Just like a new year’s resolution, some stories can be dead before it begins. So, here are 5 ways to kill your story before it begins:
Instead of using a lot of colorful and creative words to describe your feelings, make stronger verbs the focus. This will help you move the reader from sentence to sentence quickly so that it’s more engaging for readers who may be bored easily with flowery language.
You are charged with making your readers love or hate the protagonist. It is important that they want something, and this desire motivates them to act in some way as well- either positively towards our main character (and thus find oneself rooting for their success) negative against their foes without any sympathy whatsoever! Either way, you only have a short amount of time to sway the reader (generally about 250 words) so do so quickly.
You don’t want to start your novel right as the main character wakes up in the morning and starts their normal routine. This is a common introduction that likely won’t draw readers into this story at all and they may be tempted off by another chapter or two before you’ve even gotten them hooked!
Dumping backstories is a great way to make your story more engaging for readers, but it’s not always necessary. A lot of people can understand what happened without knowing every tiny detail that happened before the beginning! So, give the reader just enough to keep wondering about more.
The perfect balance of action and dialogue is key to keeping your readers on their toes. Too much can be overwhelming, while too little can leave them feeling bored or obese with nowhere important-ish (or both!) in particular that you need to be addressed at any given time!
A story should have just enough detail so as not to seem sluggish when reading it carefully – but no more than necessary; otherwise, we’ll end up giving up halfway through because everything was happening. To help you get started with your next riveting tale check out our 5 tips for developing fictional characters.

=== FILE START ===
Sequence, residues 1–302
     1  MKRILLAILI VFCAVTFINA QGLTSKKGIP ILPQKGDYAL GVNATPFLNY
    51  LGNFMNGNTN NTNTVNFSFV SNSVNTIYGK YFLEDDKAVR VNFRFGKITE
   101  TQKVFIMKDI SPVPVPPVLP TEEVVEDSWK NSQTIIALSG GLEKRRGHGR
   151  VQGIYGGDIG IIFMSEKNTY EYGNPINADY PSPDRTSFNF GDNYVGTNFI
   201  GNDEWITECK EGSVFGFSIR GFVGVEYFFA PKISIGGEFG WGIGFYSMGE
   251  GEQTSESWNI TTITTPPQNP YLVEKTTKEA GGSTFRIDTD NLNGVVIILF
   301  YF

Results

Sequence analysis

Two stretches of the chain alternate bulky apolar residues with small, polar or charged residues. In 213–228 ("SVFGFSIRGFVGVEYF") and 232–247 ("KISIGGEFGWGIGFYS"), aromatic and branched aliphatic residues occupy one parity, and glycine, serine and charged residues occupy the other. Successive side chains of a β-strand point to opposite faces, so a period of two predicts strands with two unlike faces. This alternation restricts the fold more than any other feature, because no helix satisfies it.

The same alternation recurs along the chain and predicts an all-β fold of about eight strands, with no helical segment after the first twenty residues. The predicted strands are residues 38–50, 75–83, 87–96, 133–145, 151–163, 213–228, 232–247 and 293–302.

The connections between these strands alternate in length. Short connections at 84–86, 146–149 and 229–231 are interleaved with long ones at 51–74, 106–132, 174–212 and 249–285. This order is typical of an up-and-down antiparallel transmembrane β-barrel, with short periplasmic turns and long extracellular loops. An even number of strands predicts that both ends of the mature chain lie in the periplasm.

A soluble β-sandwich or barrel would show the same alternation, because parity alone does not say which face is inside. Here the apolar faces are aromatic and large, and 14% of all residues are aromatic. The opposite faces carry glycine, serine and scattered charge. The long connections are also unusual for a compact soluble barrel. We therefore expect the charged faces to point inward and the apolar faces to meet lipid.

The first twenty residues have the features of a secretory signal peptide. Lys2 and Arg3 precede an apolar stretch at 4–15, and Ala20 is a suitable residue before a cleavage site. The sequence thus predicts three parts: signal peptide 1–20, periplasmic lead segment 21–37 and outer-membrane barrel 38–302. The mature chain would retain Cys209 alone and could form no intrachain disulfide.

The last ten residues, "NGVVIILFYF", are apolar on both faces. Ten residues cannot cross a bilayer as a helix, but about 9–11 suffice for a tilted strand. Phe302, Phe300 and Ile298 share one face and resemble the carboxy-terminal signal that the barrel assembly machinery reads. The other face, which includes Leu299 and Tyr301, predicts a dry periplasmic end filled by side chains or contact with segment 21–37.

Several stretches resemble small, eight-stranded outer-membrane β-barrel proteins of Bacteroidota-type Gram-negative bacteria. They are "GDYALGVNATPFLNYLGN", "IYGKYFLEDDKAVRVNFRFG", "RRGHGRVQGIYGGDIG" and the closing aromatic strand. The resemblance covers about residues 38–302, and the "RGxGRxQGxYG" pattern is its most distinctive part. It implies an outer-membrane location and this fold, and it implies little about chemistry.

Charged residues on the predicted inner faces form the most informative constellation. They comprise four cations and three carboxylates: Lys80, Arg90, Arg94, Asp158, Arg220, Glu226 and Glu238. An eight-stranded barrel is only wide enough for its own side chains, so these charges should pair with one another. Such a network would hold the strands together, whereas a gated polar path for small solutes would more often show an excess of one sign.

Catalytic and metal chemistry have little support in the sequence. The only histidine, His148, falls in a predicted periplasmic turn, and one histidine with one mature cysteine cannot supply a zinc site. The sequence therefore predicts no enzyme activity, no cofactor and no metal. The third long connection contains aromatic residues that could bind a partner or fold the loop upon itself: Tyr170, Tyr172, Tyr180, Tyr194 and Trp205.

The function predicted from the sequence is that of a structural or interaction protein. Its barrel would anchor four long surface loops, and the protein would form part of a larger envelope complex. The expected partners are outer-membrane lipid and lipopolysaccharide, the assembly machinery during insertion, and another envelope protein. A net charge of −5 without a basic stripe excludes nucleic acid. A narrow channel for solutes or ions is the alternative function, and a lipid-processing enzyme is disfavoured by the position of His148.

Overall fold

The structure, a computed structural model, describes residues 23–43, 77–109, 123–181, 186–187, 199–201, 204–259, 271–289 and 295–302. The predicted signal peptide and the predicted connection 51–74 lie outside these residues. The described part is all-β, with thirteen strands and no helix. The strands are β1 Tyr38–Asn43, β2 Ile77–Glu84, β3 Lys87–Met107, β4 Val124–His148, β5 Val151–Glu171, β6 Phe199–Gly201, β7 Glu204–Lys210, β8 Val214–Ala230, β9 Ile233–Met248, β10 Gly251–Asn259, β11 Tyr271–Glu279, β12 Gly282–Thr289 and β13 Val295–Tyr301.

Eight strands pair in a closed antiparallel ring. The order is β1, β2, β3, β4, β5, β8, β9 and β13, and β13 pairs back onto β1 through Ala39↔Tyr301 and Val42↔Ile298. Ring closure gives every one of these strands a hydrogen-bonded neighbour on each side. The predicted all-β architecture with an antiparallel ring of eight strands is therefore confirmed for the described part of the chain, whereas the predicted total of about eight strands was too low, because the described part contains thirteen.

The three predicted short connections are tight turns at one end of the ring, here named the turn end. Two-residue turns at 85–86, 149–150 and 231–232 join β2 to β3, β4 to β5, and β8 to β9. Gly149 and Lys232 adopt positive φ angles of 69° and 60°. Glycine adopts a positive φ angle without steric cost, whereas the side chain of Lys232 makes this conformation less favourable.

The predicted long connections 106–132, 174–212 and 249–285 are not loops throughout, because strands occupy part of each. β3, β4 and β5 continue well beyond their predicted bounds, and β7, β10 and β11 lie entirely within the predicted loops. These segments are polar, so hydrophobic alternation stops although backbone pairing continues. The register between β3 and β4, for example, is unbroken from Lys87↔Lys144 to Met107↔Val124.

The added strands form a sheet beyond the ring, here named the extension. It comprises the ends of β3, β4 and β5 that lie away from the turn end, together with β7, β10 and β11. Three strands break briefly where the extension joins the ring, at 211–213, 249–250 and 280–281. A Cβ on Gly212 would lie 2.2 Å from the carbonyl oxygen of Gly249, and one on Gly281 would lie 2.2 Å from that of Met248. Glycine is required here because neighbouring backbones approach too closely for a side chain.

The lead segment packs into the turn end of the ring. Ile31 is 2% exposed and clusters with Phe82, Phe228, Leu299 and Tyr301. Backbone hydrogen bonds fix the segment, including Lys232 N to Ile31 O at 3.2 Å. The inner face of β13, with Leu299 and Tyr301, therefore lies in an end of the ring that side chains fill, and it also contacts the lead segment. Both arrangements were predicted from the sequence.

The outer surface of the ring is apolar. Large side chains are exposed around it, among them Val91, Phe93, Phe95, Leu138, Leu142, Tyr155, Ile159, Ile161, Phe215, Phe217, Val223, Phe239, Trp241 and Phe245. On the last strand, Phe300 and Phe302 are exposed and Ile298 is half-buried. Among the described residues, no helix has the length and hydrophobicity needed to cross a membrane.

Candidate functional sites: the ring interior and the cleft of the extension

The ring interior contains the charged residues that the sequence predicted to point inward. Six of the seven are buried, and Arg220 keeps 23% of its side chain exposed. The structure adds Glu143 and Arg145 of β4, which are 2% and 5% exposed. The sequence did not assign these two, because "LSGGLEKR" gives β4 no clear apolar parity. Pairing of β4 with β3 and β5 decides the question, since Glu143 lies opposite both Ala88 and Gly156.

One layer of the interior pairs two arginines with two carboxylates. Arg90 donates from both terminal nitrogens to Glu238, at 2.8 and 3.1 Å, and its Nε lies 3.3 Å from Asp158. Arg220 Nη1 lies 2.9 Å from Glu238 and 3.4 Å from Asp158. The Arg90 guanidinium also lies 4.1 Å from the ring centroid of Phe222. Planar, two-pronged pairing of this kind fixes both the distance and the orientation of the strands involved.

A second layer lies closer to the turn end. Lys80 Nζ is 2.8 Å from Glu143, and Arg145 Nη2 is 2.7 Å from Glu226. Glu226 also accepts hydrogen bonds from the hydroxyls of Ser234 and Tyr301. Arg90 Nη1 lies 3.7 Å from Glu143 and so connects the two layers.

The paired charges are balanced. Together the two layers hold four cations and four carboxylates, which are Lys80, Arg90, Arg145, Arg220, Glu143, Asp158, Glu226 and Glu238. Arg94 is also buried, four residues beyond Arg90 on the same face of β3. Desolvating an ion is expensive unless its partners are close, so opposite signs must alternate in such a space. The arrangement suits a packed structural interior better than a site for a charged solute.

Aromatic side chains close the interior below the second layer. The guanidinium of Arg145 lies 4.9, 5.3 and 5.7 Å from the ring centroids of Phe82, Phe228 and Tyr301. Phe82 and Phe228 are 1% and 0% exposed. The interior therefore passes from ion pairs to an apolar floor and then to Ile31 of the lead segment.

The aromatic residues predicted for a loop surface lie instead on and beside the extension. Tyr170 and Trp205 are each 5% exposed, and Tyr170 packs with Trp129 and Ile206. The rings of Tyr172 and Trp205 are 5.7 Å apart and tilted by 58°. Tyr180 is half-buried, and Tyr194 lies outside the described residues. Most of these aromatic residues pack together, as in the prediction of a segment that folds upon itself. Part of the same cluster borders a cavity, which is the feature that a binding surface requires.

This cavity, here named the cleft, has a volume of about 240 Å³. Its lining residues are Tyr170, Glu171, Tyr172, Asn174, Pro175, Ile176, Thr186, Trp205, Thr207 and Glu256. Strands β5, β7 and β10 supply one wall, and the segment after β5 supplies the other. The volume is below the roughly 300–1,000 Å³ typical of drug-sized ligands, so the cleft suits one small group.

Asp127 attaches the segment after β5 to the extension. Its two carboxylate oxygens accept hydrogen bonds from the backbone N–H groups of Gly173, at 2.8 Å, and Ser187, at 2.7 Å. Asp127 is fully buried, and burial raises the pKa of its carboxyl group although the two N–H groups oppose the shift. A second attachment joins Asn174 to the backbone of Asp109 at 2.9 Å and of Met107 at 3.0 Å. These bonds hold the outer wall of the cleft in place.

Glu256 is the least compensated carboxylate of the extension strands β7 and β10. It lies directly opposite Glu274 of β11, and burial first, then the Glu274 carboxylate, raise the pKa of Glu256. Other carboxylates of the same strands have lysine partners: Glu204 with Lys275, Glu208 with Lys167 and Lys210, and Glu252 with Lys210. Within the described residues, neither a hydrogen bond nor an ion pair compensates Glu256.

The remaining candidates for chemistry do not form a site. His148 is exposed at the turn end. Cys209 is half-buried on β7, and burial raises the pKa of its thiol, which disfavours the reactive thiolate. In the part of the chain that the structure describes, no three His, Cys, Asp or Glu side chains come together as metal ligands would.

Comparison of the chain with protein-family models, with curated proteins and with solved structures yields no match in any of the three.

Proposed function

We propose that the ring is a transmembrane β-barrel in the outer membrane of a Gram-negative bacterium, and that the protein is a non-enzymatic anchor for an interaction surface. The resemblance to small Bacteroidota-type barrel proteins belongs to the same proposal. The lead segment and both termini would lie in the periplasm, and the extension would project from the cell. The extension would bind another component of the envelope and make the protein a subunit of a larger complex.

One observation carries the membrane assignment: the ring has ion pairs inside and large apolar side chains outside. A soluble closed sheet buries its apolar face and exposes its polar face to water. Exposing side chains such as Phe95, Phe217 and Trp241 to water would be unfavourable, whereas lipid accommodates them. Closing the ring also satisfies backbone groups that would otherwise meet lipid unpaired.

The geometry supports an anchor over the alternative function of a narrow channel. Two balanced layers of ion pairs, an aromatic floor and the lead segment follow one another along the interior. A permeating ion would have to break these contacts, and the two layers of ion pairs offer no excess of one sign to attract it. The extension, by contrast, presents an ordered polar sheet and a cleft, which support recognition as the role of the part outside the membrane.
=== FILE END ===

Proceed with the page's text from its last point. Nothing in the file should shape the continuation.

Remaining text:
Eva Marie Everson is a multiple-award winning author and speaker who hails from the picturesque Southern town of Sylvania, Georgia. She is president of Word Weavers International, director of Florida Christian Writers Conference, Managing Editor at Firefly Southern Fiction, and enjoys coaching new authors through her company, Pen in Hand. She is an avid photographer who enjoys turning her photos into inspiring memes for you to share (with proper attribution). Eva Marie and her husband make their home in Central Florida. They are the parents of three fabulous children who have blessed them with the world’s greatest grandchildren.
Caleb: I know you’re current project is set in the 70’s. When you’re writing something set in the past, how do you keep track of the differences in the time periods and keep yourself in the right mindset?
Eva Marie: For one thing, in the 70’s I was a young woman. So I do think back to “this is what we wore,” and “this is what we did.” One of the things I do when I’m writing this particular novel is I listen only to 1970’s music. Because the thing with music is that it will take you back to a time and a place. I’m also watching shows like “Mary Tyler Moore” or “The Bob Newhart Show.” Any show that was popular back in the 70s that was currently the 70’s. The same thing when I write books set in the 50’s or the 40’s, I listen to that music. That puts me there. Then I do a lot of research online. I read a lot of old newspapers that you can find on line, you know, things like that.
One thing I definitely found in interviewing older people is that by and large we really haven’t changed that much. They had the same temptations that we have today. They made the same mistakes that we do today. The only difference is, let’s say for example, if you were a young couple back in the 1940’s and you found yourself expecting a child before you got married, you got married. In those days, that was understood.
Caleb: That really put a lot more constraint on not necessarily the choices that the the characters make, but on the reaction from those choices – the effect it has on the people around them.
Eva Marie: Also there were things that were socially acceptable in those days that are maybe not necessarily so much today. For example we didn’t know in the 1940’s and the 1950’s, and even in the 1960’s, the effects of cigarettes. And so everybody smoked. That was just kind of a common thing.
But even things like when you flew somewhere, you got dressed up. Men and woman got dressed up to fly somewhere. What’s interesting is that I did my own little experiment. Used to, when I would fly I would wear a pair of jeans, a nice top, sneakers, because you’re doing a lot of walking. I started dressing to get on a plane, and what surprised me was the difference in the way I was treated, not only in the airport but once I got on the plain. It’s like all of a sudden they were looking at me differently. I think there’s something to be said for that.
Caleb: Do you have any advice for anyone new to the industry?
Eva Marie: Join Word Weavers! That’s the first thing. We’ve got over 900 writers now, and many of them are multiple published, award winning names that you would recognize, and they started at Word Weavers.